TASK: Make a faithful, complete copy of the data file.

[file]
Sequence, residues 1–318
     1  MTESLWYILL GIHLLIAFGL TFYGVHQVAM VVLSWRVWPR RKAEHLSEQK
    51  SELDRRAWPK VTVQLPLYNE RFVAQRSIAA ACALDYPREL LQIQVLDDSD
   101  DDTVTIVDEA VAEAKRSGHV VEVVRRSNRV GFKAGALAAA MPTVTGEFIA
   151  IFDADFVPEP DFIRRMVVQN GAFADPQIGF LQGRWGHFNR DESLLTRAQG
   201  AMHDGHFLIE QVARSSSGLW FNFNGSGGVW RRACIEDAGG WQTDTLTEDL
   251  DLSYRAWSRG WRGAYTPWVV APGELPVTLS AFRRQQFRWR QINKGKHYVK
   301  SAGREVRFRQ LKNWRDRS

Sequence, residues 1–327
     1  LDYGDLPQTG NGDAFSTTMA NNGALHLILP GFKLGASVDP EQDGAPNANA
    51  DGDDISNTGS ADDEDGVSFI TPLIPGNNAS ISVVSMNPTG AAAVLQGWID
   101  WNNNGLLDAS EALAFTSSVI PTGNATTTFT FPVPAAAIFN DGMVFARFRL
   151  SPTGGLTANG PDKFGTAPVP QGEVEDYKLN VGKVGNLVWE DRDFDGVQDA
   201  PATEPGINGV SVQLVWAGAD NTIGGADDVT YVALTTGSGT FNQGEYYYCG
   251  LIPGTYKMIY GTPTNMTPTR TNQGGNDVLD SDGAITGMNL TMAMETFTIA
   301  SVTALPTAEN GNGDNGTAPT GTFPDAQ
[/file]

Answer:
Sequence, residues 1–318
     1  MTESLWYILL GIHLLIAFGL TFYGVHQVAM VVLSWRVWPR RKAEHLSEQK
    51  SELDRRAWPK VTVQLPLYNE RFVAQRSIAA ACALDYPREL LQIQVLDDSD
   101  DDTVTIVDEA VAEAKRSGHV VEVVRRSNRV GFKAGALAAA MPTVTGEFIA
   151  IFDADFVPEP DFIRRMVVQN GAFADPQIGF LQGRWGHFNR DESLLTRAQG
   201  AMHDGHFLIE QVARSSSGLW FNFNGSGGVW RRACIEDAGG WQTDTLTEDL
   251  DLSYRAWSRG WRGAYTPWVV APGELPVTLS AFRRQQFRWR QINKGKHYVK
   301  SAGREVRFRQ LKNWRDRS

Sequence, residues 1–327
     1  LDYGDLPQTG NGDAFSTTMA NNGALHLILP GFKLGASVDP EQDGAPNANA
    51  DGDDISNTGS ADDEDGVSFI TPLIPGNNAS ISVVSMNPTG AAAVLQGWID
   101  WNNNGLLDAS EALAFTSSVI PTGNATTTFT FPVPAAAIFN DGMVFARFRL
   151  SPTGGLTANG PDKFGTAPVP QGEVEDYKLN VGKVGNLVWE DRDFDGVQDA
   201  PATEPGINGV SVQLVWAGAD NTIGGADDVT YVALTTGSGT FNQGEYYYCG
   251  LIPGTYKMIY GTPTNMTPTR TNQGGNDVLD SDGAITGMNL TMAMETFTIA
   301  SVTALPTAEN GNGDNGTAPT GTFPDAQ